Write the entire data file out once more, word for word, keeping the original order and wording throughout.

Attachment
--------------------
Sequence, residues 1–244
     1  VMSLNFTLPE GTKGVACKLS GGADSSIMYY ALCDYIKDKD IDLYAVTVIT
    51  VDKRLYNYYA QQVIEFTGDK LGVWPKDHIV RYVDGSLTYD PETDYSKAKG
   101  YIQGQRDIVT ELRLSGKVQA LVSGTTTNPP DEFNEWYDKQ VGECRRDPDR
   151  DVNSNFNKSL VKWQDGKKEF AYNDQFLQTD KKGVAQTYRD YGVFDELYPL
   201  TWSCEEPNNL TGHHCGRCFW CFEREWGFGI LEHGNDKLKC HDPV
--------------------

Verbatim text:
Sequence, residues 1–244
     1  VMSLNFTLPE GTKGVACKLS GGADSSIMYY ALCDYIKDKD IDLYAVTVIT
    51  VDKRLYNYYA QQVIEFTGDK LGVWPKDHIV RYVDGSLTYD PETDYSKAKG
   101  YIQGQRDIVT ELRLSGKVQA LVSGTTTNPP DEFNEWYDKQ VGECRRDPDR
   151  DVNSNFNKSL VKWQDGKKEF AYNDQFLQTD KKGVAQTYRD YGVFDELYPL
   201  TWSCEEPNNL TGHHCGRCFW CFEREWGFGI LEHGNDKLKC HDPV